[eks-huh-ley-shuh n, ek-suh-]
Origin of exhalation
Dictionary.com Unabridged Based on the Random House Unabridged Dictionary, © Random House, Inc. 2018
Examples from the Web for exhalation
It carries in its bosom all the energies of the past, yet is itself an exhalation of the morning.Essays, First Series
Ralph Waldo Emerson
Inhalation and exhalation should be gradual and natural, not spasmodic.The Ontario High School Reader
This is the higher and more obvious degree of the function of exhalation.Popular Education
During the exhalation be sure to keep the upper chest still.The Woman Beautiful
Helen Follett Stevans
He considered the stars to be fed by exhalation from the Earth.
Word Origin and History for exhalation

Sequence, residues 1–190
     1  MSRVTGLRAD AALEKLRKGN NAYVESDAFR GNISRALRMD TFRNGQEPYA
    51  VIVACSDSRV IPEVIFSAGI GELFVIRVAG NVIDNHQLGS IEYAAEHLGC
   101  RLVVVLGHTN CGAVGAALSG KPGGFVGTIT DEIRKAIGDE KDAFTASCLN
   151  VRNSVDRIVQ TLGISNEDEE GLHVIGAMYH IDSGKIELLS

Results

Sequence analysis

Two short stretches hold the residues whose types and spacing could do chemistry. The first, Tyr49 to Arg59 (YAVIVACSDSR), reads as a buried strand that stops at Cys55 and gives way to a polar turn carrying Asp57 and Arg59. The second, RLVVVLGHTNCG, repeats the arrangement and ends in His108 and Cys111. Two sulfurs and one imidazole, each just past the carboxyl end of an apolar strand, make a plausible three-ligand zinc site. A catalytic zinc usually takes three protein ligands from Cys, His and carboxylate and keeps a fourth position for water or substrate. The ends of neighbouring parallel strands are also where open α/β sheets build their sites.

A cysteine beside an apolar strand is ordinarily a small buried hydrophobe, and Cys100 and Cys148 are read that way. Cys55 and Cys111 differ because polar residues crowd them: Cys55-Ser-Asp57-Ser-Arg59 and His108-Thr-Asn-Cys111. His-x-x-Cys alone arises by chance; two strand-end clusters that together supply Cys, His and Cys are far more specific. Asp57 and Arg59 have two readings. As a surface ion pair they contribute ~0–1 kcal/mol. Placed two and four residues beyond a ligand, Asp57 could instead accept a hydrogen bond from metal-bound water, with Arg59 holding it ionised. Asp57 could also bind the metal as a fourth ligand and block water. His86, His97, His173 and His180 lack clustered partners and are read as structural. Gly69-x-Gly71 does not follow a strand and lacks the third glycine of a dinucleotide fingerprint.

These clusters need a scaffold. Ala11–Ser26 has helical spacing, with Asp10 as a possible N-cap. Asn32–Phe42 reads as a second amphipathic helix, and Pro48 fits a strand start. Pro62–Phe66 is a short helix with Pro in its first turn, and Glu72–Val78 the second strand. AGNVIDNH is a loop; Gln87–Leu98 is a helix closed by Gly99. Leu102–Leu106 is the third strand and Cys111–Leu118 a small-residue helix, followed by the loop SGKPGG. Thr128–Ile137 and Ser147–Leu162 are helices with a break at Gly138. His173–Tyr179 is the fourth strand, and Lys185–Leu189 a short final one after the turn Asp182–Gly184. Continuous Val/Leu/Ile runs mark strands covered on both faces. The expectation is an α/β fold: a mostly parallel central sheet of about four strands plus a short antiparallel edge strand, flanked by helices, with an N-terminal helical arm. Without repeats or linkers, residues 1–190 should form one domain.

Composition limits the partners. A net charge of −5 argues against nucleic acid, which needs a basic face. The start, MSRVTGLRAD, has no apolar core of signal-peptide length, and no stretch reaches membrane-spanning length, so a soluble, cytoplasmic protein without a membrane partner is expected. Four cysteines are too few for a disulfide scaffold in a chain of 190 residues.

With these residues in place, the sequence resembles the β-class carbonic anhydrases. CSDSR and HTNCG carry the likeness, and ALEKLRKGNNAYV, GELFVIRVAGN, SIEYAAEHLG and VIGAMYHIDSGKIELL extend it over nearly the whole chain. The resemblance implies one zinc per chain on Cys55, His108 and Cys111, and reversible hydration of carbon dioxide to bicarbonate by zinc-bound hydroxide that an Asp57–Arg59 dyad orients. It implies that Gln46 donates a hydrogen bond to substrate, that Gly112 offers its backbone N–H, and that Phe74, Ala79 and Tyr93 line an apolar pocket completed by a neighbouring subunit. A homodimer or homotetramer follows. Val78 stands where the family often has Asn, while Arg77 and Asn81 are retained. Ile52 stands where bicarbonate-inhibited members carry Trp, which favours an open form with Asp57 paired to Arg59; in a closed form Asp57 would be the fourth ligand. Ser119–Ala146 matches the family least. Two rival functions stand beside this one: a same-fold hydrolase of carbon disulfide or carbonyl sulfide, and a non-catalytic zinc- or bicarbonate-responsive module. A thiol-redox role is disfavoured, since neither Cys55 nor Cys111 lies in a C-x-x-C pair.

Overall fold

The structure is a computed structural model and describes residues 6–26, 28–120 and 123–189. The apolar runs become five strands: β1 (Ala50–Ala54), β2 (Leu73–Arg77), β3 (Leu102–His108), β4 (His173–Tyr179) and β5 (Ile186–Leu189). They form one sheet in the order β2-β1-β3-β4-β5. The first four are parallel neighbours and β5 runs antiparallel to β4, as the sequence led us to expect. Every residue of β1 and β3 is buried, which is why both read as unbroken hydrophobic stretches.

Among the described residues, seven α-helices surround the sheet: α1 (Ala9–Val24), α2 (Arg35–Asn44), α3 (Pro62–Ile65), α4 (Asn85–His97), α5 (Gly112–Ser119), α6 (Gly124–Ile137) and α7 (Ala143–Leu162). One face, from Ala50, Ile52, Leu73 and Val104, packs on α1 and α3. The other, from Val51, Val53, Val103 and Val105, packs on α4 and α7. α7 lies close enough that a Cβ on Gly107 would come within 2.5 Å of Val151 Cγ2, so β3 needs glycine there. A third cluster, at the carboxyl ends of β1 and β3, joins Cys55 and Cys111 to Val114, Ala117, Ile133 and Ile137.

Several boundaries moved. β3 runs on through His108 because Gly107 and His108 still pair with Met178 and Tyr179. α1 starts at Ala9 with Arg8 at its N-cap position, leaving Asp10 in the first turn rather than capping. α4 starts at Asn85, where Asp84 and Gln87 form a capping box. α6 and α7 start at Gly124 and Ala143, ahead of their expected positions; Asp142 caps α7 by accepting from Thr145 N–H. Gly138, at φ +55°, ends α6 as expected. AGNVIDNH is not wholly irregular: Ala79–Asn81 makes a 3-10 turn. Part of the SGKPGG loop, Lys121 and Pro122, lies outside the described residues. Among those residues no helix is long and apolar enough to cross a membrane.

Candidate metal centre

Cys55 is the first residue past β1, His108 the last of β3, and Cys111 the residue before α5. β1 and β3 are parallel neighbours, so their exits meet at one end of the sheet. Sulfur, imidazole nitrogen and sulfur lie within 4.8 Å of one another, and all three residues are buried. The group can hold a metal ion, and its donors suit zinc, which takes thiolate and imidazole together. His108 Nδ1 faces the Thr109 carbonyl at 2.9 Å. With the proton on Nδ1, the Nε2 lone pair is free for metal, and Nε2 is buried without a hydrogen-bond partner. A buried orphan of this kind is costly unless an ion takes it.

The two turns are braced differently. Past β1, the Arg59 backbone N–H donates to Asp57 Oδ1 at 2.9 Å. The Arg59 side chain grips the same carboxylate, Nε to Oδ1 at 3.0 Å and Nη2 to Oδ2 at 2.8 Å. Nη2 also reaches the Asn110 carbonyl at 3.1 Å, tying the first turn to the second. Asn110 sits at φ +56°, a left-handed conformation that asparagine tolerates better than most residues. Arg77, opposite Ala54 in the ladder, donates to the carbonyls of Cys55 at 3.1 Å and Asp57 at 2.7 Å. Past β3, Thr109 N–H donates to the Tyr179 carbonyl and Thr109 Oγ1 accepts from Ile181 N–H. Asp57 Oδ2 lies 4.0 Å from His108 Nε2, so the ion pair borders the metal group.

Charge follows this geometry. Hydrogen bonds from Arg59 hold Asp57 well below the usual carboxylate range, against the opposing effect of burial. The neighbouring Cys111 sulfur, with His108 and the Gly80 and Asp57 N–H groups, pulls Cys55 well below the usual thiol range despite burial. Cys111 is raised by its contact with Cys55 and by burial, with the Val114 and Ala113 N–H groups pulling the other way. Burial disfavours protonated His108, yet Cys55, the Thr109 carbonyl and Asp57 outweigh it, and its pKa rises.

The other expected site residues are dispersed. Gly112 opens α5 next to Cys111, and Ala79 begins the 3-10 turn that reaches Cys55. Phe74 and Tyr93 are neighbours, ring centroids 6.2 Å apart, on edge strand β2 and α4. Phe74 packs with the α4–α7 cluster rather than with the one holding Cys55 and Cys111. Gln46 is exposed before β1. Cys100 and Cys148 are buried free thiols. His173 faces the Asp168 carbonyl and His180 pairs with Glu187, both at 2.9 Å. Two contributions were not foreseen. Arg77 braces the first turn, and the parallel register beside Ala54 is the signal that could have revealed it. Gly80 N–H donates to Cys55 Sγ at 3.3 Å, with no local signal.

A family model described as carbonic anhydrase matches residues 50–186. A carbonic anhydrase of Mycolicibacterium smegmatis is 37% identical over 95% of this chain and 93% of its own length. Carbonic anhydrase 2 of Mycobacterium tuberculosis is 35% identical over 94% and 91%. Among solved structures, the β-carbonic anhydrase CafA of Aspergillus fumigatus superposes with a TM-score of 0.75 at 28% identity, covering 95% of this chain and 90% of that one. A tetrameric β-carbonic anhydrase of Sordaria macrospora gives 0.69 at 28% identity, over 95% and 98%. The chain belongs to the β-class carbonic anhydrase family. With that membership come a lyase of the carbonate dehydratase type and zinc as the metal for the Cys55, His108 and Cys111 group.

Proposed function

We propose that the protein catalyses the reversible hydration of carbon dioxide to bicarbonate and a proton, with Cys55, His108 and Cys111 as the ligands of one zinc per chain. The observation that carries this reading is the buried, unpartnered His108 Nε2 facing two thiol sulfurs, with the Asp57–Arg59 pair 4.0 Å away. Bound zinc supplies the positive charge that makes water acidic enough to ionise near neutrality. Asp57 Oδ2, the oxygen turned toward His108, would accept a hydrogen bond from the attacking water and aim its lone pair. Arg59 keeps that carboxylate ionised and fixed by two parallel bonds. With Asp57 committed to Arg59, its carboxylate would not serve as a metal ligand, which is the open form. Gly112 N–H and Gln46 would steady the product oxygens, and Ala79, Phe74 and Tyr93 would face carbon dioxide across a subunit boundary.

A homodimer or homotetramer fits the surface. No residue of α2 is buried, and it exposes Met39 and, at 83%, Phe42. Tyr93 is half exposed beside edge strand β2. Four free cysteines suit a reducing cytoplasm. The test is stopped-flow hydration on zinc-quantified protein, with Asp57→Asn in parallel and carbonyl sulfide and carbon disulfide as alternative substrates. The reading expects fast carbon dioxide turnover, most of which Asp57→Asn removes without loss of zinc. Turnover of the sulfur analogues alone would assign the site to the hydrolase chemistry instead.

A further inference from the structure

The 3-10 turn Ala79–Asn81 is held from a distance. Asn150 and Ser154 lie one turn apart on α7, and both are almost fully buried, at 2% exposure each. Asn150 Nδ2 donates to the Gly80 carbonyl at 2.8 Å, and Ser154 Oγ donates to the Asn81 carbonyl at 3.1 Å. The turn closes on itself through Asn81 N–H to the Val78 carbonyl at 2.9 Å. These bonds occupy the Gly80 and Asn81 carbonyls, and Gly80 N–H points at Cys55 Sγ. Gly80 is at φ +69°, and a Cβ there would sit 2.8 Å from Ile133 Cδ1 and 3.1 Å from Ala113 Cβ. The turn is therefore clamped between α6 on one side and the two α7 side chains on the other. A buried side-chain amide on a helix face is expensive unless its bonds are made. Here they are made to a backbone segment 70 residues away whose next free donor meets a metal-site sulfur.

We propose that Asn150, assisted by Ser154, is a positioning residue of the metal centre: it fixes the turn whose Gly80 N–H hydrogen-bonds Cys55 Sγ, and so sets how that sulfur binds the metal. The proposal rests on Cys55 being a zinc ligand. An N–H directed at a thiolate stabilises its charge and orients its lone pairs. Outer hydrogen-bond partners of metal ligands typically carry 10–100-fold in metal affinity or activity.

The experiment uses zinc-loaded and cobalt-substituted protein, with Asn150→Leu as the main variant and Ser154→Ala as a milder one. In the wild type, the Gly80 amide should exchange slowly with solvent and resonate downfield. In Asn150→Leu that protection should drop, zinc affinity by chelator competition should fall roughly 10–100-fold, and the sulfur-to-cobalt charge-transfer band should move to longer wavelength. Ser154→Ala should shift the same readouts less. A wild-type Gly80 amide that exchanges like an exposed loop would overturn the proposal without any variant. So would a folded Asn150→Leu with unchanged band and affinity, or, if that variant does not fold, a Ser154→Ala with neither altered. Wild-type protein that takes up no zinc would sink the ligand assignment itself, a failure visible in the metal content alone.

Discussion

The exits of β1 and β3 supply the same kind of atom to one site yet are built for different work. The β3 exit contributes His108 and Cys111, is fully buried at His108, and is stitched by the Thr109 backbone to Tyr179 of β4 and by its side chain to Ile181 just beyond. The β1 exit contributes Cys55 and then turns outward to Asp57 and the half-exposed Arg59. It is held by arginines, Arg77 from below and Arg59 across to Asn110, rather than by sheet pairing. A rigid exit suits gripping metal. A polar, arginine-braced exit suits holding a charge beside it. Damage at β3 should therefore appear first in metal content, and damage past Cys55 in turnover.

late 14c., from Latin exhalationem (nominative exhalatio), noun of action from past participle stem of exhalare (see exhale).
Online Etymology Dictionary, © 2010 Douglas Harper
- The act or an instance of breathing out.expiration
- The giving forth of gas or vapor.
- Something, such as air or vapor, that is exhaled.
The American Heritage® Stedman's Medical Dictionary Copyright © 2002, 2001, 1995 by Houghton Mifflin Company. Published by Houghton Mifflin Company.
- The act of breathing out air. During exhalation, the diaphragm relaxes and moves upward, causing compression of the lungs and an outward flow of air. Also called expiration Compare inhalation.
The American Heritage® Science Dictionary Copyright © 2011. Published by Houghton Mifflin Harcourt Publishing Company. All rights reserved.